Richard A. Epstein at the Hoover Institution writes,
The hard question is how Justice Kennedy—now the swing vote on all matters “fundamental”—thinks about this issue. Here the evidence is decidedly mixed. To be sure, his opinion in Obergefell talks about the importance of letting religions “teach” the central principles of their faith. But as Justice Thomas’s dissent points out, a religion that is allowed to teach its beliefs may be forced to give up its tax-exempt status if it puts those beliefs into practice, and its adherents can be hounded by the state if they decide to run their personal lives in accordance with their religion. We thus face a serious risk in the aftermath of Obergefell: liberty in gay rights will turn out to be a one-way street. Some liberties will be guaranteed for some people while other liberties will be squashed for others. As I write, the gay rights movement is gearing up to expand the scope of the antidiscrimination laws in housing and labor markets.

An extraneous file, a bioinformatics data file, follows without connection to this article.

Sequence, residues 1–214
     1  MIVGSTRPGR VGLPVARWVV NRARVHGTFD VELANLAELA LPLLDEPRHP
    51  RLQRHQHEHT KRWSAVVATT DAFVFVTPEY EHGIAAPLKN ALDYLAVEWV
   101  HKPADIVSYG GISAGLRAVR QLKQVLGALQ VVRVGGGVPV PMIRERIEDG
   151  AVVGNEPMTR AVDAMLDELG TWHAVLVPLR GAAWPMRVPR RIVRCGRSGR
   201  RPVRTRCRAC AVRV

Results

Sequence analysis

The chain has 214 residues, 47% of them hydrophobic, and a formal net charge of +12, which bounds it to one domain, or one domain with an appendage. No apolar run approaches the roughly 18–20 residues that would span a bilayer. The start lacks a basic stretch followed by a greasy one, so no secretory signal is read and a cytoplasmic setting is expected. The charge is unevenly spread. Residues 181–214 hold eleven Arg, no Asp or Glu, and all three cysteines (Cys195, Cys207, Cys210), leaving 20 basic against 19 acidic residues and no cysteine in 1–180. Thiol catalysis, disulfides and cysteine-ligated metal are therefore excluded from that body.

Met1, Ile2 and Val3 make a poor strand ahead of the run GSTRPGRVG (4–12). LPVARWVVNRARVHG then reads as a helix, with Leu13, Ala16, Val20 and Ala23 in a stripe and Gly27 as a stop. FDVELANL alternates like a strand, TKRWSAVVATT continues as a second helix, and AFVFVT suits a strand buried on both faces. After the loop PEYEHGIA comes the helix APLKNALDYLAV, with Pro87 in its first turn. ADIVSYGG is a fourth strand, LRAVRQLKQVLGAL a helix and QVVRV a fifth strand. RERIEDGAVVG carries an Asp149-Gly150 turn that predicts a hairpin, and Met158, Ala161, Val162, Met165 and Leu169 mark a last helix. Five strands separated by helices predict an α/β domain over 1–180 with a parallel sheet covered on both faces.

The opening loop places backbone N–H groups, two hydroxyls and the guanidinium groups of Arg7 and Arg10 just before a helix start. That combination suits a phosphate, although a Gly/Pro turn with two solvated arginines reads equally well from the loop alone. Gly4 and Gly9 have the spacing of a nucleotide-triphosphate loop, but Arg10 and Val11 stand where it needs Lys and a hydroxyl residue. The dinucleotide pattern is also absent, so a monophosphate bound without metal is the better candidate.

Richard A. Epstein, “Hard Questions on Same-Sex Marriage” 29 Jun 2015, Hoover Institution, 3 Jul 2015 <http://www.hoover.org/research/hard-questions-same-sex-marriage>
The article and accompanying podcast, which goes into greater depth, can be accessed here.